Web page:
“It’ll ruin the surprise if I tell you.” He eased the car out of the parking space. “Open it.”
Wary, I slipped my fingers under the red, satiny ribbon, sliding it off. Drawing a deep breath, I lifted the lid, prepared for something to spring out and sting me in the face.
Then I saw what was in the box.
I opened my mouth.
I closed my mouth.
And then a loud laugh burst out from me as I stared into it, not really believing what I was seeing.
“His name is Diesel,” Luc explained as he pulled out of the parking lot, turning right. “He likes to be cuddled and held.”
“Luc, it’s a…” Another laugh escaped me as I shook my head. I couldn’t believe what I was even staring at.
It was a rock.
A hand-size, oval-shaped rock nestled in cotton balls. And it wasn’t just a normal rock. It had a face—a face drawn by a black marker. Two round eyes that had purple eyeballs. Eyebrows. An angle-shaped nose. A wide smile. There was also a lightning bolt drawn above the right eyebrow.
“It’s a rock, Luc.” I looked over at him.
“His name is Diesel. Don’t judge him for the shape and form that he comes in.”
I stared at him, mouth hanging open. “Was he attacked by Voldemort?”
“Maybe.” That half grin appeared. “He’s lived a very interesting life.”
Slowly shaking my head, it took me a couple of moments to even formulate a coherent response. “You made me leave school early because you had a rock for me?”
“Now, Peaches, he’s a pet rock, and I didn’t make you do anything.”
I gaped at him. I couldn’t even remember the last time I’d heard the words pet and rock used in the same sentence.
“And where was I supposed to keep him while I waited for you to get out of class?” he asked. “The trip to school already scared him since I was moving so fast.”
“I don’t even know what to say right now,” I murmured. Diesel the pet rock smiled back up at me. “Thanks?”
“You’re so very welcome.”
I blinked as I stared down at the rock, fighting a silly grin, because this whole thing was just so stupid and silly that it was actually sort of amazing.
“So, learn anything interesting in class today?” he asked, and when I looked up, I realized we were on Interstate 70, heading west.
“Not really.” I held on to the box. “April was protesting again. We kind of got into it.”
“Nothing much.” I stared out the window. Shopping centers gave way to tall elms and oaks, their leaves a stunning array of golds and reds. “She’s … I don’t know. Sometimes I don’t even understand how Zoe could’ve been friends with her.”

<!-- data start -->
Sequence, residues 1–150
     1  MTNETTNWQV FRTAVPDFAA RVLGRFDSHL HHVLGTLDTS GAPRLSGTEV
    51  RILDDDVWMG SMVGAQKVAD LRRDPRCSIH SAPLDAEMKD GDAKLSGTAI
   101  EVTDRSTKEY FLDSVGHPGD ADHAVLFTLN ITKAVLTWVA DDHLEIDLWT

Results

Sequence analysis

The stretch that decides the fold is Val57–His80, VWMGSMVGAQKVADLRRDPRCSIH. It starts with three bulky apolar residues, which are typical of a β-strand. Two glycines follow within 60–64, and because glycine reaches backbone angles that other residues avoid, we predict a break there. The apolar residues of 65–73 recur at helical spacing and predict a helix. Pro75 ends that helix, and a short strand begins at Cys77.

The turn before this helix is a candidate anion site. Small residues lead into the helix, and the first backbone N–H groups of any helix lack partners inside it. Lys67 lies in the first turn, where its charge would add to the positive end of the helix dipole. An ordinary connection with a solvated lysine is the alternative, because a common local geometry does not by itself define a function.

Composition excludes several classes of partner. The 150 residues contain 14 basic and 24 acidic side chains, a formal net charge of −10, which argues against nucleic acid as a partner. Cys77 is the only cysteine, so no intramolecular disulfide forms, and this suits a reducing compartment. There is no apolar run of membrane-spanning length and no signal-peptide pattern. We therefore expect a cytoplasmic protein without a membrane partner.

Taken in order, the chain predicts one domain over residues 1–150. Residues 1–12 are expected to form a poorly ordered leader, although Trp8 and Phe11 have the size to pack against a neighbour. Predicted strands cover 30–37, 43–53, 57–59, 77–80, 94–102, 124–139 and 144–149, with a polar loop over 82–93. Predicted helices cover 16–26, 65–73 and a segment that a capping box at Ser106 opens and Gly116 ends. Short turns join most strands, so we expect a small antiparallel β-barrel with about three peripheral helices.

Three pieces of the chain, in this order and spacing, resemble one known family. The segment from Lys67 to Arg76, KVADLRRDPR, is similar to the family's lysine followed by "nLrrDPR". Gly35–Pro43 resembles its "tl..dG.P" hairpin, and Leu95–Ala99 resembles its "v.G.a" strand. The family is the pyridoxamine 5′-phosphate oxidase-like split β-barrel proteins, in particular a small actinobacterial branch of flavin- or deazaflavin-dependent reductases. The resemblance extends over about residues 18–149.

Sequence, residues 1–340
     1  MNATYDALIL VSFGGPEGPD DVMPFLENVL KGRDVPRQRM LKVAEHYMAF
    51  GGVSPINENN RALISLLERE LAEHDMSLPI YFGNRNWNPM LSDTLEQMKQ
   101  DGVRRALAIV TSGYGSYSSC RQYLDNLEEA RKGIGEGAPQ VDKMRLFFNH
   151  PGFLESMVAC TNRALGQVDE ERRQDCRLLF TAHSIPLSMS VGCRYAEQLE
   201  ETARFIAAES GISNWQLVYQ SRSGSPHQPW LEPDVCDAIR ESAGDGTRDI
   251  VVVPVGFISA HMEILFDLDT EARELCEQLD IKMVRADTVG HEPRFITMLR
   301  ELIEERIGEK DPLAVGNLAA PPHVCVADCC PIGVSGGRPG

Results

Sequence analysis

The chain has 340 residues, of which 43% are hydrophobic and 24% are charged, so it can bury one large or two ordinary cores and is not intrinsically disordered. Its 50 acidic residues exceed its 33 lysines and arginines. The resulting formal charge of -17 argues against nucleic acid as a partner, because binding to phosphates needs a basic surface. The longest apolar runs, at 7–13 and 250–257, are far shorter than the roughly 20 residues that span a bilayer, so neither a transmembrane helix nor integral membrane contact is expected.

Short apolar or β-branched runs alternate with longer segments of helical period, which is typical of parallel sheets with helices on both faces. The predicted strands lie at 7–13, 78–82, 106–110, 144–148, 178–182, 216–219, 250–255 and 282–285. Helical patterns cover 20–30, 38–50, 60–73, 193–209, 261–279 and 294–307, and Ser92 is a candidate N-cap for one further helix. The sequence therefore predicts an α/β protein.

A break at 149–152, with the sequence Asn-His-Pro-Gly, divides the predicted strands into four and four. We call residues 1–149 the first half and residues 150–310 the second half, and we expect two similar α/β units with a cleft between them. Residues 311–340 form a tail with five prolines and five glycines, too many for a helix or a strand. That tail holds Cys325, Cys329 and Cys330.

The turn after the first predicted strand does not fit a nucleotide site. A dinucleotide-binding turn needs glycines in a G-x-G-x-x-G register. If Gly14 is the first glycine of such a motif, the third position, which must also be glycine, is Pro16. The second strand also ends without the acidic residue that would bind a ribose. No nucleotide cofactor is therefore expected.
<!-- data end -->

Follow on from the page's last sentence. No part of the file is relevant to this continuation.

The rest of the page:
“Zoe has amazing restraint.”
“If you spent any time with April, you’d understand how amazing that restraint really is,” I said, looking over at him.
It struck me then how much my life had changed in a matter of weeks. A little over a month ago, I couldn’t even fathom being in my car right now, going Lord knows where, with someone like Luc, while I was supposed to be sitting in class, stressing over what the hell I was going to do when I graduated. Every single aspect of my life, from the minor to the extreme, had changed. Some were in major ways, and others, like right now, were small and barely noticeable, but crept up on me.
Evie from two months ago wouldn’t dare to do something like this. I didn’t skip school. Hell, I’d been almost too afraid to go into Foretoken the first night with Heidi.
This was an adventure. This was fun despite all the insane things that had happened and were sure to come. I needed this.
I looked down at Diesel and smiled against the sudden burn in the back of my throat. I hadn’t realized until this very moment that I needed this—the goofy-as-hell pet rock and this trip to wherever.
Glancing over at Luc, I wanted to hug him. Maybe do more. Like kiss him. Except that might cause him to wreck, and I liked my car.
“Peaches?” Luc was waiting.
Flushing, I was grateful that for once he didn’t appear to be peeping on my thoughts. “I just want to kick April in the face. That’s all I have to say.”
He chuckled. “Please try to refrain from doing that, or at least make sure I’m there first to witness it.”
Laughing, I let my head fall back against the seat. I saw a sign for US-340 West and, underneath it, the words Harpers Ferry. I repeated them absently. There was something familiar about it. I knew it was a town in West Virginia, but there was something more about it. Had I been here before or heard of the town? “Are we going there? Harpers Ferry?”
“Yeah. We’re about thirty or so minutes out from there now. It’s a small, old town. Famous for John Brown, an abolitionist. When he raided the federal armory in town with the intention of arming the slaves, it basically led to the Civil War a year later.”